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How a small group of people can make a difference
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Pastor Devin Strong

Spirit of Peace Lutheran Church

One of my resolutions for 2023 is to do more reading. This is a challenge for me because my workdays are often long, and my reading is slow, but I feel so much more fulfilled in mind and spirit when I am reading regularly. The book that I just finished is called, How to Preach a Dangerous Sermon by Frank Thomas. Of course, the title grabbed me. Even after nearly 32 years in ordained ministry, I still wake up wanting to change the world, so I had to read this book!

Thomas is an African American professor at a protestant seminary in North Carolina. He is deeply concerned about racism and other injustices in our country, but the author never prescribes what the content of that dangerous sermon should be. Rather, he makes a distinction between moral preaching and political preaching, saying that we should regularly aspire to the former and steadfastly avoid the latter, though he admits that the moral can lead to the political. For example, preaching that God loves and values all people equally is a matter of moral integrity, but a political sermon would be encouraging the congregation to vote for or against particular policies that, in the preacher’s view promote God’s moral agenda.

More specifically, Frank Thomas believes that the church needs to be a place of vast moral imagination because moral imagination was Jesus’ priority. Many of the people that followed Jesus were desperate for him to kick the occupying Roman Army out of their country and return the land to Jewish control. When the crowds cheered for him as he entered Jerusalem on Palm Sunday, people definitely hoped that the Lord would march into the Holy City and throw the bums out. But Jesus doesn’t do that, which has more than a little to do with his death the following Friday.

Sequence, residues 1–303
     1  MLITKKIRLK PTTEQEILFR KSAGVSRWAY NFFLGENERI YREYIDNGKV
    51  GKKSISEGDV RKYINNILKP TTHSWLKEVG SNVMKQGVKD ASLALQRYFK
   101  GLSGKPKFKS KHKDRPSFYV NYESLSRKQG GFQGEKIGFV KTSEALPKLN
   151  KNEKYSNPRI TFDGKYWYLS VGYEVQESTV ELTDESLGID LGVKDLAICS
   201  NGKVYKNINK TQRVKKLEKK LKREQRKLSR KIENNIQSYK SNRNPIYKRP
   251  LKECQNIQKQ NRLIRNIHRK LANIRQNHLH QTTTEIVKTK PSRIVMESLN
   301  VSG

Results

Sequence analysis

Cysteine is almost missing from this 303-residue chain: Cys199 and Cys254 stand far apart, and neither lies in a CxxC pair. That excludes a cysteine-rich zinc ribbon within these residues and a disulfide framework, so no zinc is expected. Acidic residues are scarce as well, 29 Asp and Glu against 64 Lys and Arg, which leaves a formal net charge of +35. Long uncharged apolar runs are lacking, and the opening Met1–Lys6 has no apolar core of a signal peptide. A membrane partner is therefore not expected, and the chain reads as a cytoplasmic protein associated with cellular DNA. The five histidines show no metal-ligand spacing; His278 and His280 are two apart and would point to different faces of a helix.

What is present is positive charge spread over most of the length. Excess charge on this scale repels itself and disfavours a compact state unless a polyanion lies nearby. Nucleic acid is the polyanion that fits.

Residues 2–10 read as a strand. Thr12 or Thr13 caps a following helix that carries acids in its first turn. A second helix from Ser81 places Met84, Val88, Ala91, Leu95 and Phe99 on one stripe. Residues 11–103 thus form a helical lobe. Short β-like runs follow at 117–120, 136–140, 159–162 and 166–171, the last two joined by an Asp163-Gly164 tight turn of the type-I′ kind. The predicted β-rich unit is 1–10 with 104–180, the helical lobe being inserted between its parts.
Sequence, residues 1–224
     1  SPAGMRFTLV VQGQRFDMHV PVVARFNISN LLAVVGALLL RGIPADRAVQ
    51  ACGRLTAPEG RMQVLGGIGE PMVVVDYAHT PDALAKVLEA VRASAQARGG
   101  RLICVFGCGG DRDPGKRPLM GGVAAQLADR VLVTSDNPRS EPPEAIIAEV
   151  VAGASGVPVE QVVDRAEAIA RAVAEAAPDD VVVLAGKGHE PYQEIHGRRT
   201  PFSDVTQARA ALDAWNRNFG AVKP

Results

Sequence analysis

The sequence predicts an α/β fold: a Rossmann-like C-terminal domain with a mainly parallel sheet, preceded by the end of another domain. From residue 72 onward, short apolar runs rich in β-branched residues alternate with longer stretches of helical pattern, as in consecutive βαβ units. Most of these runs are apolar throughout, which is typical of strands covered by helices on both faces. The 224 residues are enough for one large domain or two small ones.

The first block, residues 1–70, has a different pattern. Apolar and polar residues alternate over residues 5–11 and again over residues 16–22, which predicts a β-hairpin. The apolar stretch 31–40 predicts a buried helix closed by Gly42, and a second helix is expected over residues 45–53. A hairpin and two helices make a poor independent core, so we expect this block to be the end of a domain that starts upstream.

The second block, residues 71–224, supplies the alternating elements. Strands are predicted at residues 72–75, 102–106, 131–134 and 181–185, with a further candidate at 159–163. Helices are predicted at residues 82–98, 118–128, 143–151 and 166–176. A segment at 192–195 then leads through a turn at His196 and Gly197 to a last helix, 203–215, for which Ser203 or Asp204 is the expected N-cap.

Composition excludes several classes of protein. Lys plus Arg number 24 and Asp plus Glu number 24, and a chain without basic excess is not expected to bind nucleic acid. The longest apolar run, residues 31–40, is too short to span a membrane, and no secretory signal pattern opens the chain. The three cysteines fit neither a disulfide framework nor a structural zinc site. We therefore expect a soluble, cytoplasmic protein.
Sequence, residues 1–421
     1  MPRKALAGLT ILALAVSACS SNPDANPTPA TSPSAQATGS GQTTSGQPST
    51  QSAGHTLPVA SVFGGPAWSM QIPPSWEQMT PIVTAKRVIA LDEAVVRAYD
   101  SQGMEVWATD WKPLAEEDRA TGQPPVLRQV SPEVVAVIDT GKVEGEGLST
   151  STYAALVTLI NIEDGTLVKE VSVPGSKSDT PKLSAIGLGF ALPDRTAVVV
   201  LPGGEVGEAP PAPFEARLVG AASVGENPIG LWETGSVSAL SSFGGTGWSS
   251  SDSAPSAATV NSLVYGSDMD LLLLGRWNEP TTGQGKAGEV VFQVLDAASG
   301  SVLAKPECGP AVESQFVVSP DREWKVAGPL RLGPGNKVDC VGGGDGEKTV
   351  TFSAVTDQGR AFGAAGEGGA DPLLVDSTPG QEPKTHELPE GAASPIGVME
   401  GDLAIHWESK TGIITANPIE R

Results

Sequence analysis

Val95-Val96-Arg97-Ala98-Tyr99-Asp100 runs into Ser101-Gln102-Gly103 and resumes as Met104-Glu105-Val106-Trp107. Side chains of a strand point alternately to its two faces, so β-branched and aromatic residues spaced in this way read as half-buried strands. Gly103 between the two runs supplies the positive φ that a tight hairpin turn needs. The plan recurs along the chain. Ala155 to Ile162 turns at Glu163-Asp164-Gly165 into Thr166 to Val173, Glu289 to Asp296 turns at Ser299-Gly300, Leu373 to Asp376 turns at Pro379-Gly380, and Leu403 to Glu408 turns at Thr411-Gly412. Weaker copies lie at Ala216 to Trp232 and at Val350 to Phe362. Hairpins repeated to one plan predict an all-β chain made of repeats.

Jesus does not engage in what, from a Jewish perspective, is a very reasonable political request, perhaps because he knows that even under religious authority, God’s people committed plenty of sins. Instead, the Lord spends his days telling stories about lost sheep and lost coins, about an unexpected foreigner helping a wounded man on the road, about shocking generosity, and about surprising people being invited to banquets. With each of these parables, God’s Son is trying to stretch our minds and hearts to get us to think differently about the world than we have always thought.

The church needs moral imagination today. We need to stop assuming that the rich will always get richer and the poor will always get poorer, that black people and white people are too different to really get along, that one serious illness could lead you to financial ruin, that real changes to protect the environment are impossible, and the survival of the fittest is the way it has to be.

Instead, we need to widen our minds to believe that with God’s help, a small group of people can make a difference, that people from different backgrounds can listen to and learn from each other, that putting others first doesn’t mean that we are less, that there are in fact enough resources to go around, and that real power is actually the ability to change someone else’s life for the better.

Moral imagination is the ability to live into a different story, and if you and I truly start doing that, it will be dangerous, indeed.

God Love You, and So Do I!

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